'Across eight poems Sealey examines the habitual imposition of state violence, the struggle to retain one's humanity when it is officially denied. This is a meticulous, strikingly beautiful erasure that feels ... like it has been painfully, painstakingly extracted, that the journey of the word to the page cost dearly.
The Ferguson Report wrestles with the question of what can be said, when anything you say can and will be used against you.' – Dave Coates, Poetry Book Society Autumn Bulletin 2023
'Redacting the report word by word, letter by letter, Sealey excavates larger lyric insights about American life from its account of police bias and brutality.' –
The New Yorker (The Best Books of 2023) 'Peeling back the clinical language of the official government document, poet Sealey creates ‘lifted poems’ that capture the collective rage of the nation, lay bare the visceral grief, and imagine a new vision of liberation.' –
Oprah Daily (The Best Conversation-Starting Books of 2023)
The Ferguson Report: An Erasure comes to us first in fragments – at times not even syllables, ah or id – but as a feeling, the unsayable constructing itself as we read along or listen. The paced rhythm is almost painfully made as if fleshy blips on the heart meter – a ghostly master text beneath. One feels subliminal truths cumulate out of a visceral engagement, and then the emergence of eight inspired poems.' – Yusef Komunyakaa
'Though these poems are attuned to their own devastation, they continue unapologetically with their own aspirations.’ – Claudia Rankine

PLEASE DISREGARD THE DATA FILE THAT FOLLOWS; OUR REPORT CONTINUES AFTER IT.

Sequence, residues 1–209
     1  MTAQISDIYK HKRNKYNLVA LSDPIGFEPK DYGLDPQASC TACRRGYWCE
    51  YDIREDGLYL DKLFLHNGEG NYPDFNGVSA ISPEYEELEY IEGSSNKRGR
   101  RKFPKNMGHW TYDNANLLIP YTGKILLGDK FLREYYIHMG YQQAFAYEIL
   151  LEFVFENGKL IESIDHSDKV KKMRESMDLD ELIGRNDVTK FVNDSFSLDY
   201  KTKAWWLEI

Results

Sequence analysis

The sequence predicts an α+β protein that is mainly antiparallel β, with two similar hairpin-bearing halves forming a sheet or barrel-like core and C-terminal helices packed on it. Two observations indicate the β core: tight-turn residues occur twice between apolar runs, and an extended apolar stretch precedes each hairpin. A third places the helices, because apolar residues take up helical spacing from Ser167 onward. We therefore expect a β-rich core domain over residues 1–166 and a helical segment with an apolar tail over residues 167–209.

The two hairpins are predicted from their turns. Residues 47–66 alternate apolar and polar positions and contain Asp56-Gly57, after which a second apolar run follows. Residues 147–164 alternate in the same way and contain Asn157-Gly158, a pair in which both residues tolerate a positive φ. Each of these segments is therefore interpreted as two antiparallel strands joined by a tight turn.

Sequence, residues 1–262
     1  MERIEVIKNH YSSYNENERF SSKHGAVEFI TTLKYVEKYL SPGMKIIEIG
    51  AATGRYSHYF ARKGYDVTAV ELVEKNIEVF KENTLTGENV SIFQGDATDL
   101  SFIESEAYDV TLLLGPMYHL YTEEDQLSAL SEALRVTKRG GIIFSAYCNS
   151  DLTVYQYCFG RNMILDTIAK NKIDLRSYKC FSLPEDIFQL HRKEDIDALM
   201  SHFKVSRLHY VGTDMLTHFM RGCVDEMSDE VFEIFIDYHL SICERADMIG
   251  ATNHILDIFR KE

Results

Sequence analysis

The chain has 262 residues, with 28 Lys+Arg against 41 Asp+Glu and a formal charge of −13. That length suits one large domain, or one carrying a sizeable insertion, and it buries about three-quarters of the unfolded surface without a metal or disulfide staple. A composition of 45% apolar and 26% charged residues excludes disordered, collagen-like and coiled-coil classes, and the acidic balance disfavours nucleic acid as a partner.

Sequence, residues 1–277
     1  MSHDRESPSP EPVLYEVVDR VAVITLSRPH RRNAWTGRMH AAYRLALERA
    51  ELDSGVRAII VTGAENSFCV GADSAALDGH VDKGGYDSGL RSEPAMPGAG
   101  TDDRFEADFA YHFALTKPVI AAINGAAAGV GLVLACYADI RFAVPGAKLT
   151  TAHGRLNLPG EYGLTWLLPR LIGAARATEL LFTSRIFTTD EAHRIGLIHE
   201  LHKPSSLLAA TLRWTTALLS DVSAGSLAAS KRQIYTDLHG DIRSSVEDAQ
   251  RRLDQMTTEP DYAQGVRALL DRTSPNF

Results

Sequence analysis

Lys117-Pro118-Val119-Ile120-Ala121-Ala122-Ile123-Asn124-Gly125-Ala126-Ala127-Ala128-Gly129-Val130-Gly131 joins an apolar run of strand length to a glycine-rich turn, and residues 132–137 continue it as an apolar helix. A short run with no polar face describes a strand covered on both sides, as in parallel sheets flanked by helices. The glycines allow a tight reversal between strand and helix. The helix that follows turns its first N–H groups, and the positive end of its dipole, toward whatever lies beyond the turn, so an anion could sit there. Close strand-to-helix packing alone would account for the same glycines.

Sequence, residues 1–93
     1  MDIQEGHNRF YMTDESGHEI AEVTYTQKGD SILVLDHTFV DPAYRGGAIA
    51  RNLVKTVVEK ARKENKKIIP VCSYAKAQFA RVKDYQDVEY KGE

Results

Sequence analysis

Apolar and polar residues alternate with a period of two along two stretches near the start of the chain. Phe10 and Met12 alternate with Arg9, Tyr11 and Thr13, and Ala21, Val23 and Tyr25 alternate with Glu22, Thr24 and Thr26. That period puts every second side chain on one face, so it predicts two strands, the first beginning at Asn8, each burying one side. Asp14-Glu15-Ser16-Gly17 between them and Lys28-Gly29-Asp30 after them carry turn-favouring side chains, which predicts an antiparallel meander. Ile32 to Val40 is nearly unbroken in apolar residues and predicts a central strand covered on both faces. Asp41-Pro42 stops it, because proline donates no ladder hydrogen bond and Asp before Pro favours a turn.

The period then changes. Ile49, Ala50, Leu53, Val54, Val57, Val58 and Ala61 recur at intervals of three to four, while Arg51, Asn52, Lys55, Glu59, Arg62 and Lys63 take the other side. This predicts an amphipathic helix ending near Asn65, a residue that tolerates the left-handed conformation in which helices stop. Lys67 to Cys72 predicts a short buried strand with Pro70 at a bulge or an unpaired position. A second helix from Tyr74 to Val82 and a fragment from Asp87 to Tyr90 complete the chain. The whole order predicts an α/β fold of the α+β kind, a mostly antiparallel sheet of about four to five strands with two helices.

'Nothing ordinary here. But beast? Yeah, that’s it. This thing has teeth.' – Patricia Smith
'Nicole Sealey is a poet for the ages, and this is a stunning debut.' – Tracy K. Smith
'These poems are marvels that should be read, re-read, and read aloud to others.' – Amy Tan
'These are poems of thrilling sonic and syntactical play, formal dexterity, mythmaking, and delight in the ordinary rendered strange by new juxtapositions.' – Natasha Trethewey
'Nicole Sealey is one of today’s most interesting poets... she steers us on a fantastic voyage through her infinitely brilliant mind.' –
'Quietly profound, Sealey’s first collected work flows with an avid heart and mind through questions of love, inheritance, friendship, and family—things that sustain us from one day to the next, made more precious by their fragility.' –
O, The Oprah Magazine
Nicole Sealey reads from Ordinary Beast at Ledbury Poetry Festival
Nicole Sealey read twelve poems from
Ordinary Beast at Ledbury Poetry Festival on 2 July 2022. The poems included in her reading are: ‘the first person who will live to be one hundred and fifty years old has already been born’; ‘medical history’; ‘hysterical strength’; ‘candelabra with heads’; ‘in defense of “candelabra with heads”’; ‘heretofore unuttered’; ‘even the gods’; ‘imagine sisyphus happy’; ‘virginia is for lovers’; ‘unframed’; ‘cento for the night i said, “i love you”’ (extract); and ‘object permanence’.
Nicole Sealey reads ‘even the gods’ from ordinary beast
Nicole Sealey reads her poem ‘even the gods’ from
Ordinary Beast. Part of the Adrian Brinkerhoff Poetry Foundation's Read By series of poetry films. Directed by Jean Coleman and produced in collaboration with 92nd Street Y's Unterberg Poetry Center.